Through this elaborate storyline, Irie presents a number of sociopolitical comments, increasing, in that fashion, the depth of the script even more. War and its refugees, along with the immigration it creates and the subsequent racism of the people in the “receiving” countries is one of the most central, but the series also deals with family, the blights of the centralized, military regime (which includes some obvious parallels with Hitler’s Germany), the concept of identity in a philosophical way, despair, and a number of other concepts. The even more remarkable is the fact that FMA also presents solutions to these issues, particularly through the behaviour of the two brothers, with kindness, resolve, patience, integrity, loyalty and the amassing of experiences through traveling and meeting people being presented as the remedies of all the aforementioned blights.

None of the above though, means that the action is placed in the background. On the contrary, FMA features a plethora of excellent action scenes, with the animators of Bones taking complete advantage of the magic of alchemy in order to create a number of astonishing sequences, from the beginning to the end of the series. This prowess finds its apogee in the prolonged finale, where almost all of the characters, good and bad, come together to fight each other in different settings, in one of the most majestic sequences ever to appear on anime.

The drawing is of equal quality, with the artists creating characters that vary significantly from each other, thus ascertaining their individuality in the story line. The backgrounds are also quite good, in a number of different settings that also highlight the amount of work allocated to this part.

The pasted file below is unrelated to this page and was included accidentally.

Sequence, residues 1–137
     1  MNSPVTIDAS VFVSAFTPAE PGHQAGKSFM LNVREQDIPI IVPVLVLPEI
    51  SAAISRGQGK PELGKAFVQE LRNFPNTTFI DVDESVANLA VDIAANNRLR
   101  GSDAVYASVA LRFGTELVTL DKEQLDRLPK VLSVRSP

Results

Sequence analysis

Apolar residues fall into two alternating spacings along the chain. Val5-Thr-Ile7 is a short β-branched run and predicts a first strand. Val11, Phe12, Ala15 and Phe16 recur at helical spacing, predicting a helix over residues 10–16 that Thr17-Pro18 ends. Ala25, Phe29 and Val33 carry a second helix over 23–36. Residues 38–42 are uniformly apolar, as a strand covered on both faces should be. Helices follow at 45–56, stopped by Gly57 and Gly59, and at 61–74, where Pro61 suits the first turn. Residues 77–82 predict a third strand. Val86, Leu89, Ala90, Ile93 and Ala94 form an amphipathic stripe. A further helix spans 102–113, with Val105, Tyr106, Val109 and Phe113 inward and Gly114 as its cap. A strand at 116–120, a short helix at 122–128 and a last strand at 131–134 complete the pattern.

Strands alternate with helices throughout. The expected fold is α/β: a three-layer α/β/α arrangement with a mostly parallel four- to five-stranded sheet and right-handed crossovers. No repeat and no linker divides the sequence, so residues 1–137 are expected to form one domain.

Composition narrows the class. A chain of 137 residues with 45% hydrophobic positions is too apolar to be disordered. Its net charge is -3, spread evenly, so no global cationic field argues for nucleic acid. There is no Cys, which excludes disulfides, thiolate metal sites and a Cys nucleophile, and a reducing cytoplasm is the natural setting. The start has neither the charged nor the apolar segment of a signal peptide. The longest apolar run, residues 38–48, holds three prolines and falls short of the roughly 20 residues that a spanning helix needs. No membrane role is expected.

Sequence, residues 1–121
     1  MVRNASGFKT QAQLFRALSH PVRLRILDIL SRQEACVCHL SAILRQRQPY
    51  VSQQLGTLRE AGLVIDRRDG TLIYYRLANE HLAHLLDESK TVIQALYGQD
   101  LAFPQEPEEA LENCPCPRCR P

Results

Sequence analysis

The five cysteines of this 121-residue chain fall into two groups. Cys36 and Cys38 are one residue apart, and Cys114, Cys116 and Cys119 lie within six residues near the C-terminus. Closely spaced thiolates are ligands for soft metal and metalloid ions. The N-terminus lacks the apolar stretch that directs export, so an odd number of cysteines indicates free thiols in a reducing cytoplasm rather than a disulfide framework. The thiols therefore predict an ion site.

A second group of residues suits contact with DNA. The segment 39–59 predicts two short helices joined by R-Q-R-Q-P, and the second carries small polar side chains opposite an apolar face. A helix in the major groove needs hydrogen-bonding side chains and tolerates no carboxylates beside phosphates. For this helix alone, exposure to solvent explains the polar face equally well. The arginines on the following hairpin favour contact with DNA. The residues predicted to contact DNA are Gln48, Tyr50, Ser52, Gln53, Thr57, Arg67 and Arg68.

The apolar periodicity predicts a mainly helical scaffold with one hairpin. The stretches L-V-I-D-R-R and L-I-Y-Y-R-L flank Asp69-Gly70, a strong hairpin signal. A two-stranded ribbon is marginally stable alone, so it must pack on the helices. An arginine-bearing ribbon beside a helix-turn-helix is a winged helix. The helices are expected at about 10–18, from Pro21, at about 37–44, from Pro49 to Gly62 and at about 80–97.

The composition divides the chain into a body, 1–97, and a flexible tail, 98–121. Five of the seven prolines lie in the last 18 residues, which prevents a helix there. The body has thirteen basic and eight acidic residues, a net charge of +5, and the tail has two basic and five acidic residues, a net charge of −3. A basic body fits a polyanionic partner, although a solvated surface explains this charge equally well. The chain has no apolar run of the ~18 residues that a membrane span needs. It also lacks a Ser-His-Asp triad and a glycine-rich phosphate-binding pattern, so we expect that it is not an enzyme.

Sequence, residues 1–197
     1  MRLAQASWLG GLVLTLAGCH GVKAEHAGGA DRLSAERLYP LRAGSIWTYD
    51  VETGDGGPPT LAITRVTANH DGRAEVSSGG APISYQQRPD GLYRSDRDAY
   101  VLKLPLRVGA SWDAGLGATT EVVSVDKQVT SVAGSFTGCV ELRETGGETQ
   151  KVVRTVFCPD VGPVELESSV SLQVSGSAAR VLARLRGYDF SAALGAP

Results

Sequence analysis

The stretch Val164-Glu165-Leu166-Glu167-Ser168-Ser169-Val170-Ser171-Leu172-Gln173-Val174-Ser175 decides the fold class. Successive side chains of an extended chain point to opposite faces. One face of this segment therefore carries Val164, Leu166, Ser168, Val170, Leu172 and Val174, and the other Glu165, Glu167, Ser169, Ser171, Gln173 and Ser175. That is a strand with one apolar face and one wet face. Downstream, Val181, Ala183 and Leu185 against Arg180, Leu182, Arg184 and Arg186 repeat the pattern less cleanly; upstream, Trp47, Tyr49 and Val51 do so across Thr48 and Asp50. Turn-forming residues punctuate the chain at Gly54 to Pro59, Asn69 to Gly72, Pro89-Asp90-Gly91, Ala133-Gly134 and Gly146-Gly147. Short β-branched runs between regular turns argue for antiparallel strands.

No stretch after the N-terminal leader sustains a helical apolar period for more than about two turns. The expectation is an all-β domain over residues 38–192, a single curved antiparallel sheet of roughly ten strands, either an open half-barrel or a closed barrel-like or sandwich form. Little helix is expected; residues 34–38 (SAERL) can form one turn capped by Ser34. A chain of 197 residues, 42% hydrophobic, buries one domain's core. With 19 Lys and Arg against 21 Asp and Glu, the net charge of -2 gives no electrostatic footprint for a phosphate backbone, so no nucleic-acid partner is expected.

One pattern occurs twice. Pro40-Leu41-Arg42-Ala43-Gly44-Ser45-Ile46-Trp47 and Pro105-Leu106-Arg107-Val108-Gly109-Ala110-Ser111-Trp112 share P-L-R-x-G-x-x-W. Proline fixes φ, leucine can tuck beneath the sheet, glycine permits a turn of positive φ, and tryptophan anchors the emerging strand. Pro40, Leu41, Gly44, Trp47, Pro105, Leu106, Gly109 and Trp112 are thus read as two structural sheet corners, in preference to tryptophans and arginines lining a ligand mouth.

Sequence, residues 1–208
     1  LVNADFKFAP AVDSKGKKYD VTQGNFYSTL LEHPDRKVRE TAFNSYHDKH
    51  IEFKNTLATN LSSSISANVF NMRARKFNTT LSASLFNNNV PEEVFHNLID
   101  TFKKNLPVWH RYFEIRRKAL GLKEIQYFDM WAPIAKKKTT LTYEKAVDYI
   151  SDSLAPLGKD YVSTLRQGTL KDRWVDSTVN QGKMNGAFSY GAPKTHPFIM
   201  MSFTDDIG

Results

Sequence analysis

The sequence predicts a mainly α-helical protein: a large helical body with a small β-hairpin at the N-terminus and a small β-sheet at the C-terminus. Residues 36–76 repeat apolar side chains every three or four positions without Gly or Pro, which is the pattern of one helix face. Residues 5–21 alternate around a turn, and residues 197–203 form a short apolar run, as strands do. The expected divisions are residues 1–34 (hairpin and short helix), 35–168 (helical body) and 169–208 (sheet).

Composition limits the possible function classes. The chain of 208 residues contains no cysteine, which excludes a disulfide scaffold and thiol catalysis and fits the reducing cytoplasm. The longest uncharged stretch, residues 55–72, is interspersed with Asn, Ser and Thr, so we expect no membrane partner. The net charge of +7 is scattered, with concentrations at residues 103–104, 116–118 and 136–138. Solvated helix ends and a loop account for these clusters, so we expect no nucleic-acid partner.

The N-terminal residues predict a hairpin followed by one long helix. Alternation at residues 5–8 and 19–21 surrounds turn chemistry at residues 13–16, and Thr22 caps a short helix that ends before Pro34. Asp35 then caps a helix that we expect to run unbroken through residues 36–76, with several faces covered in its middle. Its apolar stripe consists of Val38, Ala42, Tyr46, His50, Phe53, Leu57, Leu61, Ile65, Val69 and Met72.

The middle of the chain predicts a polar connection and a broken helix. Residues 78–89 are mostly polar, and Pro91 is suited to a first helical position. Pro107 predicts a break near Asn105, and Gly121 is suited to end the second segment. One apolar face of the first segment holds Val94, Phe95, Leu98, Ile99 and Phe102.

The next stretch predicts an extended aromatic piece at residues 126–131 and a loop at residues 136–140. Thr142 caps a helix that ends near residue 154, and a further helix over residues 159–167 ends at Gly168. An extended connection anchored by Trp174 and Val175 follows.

Not much more to say, “Full Metal Alchemist: Brotherhood” is a true masterpiece, one of the best anime series ever to be created, and a must watch for all fans of the category, to say the least.

My name is Panos Kotzathanasis and I am Greek. Being a fan of Asian cinema and especially of Chinese kung fu and Japanese samurai movies since I was a little kid, I cultivated that love during my adolescence, to extend to the whole of SE Asia. Starting from my own blog in Greek, I then moved on to write for some of the major publications in Greece, and in a number of websites dealing with (Asian) cinema, such as Taste of Cinema, Hancinema, EasternKicks, Chinese Policy Institute, and of course, Asian Movie Pulse. in which I still continue to contribute. In the beginning of 2017, I launched my own website, Asian Film Vault, which I merged in 2018 with Asian Movie Pulse, creating the most complete website about the Asian movie industry, as it deals with almost every country from East and South Asia, and definitely all genres. You can follow me on Facebook and Twitter.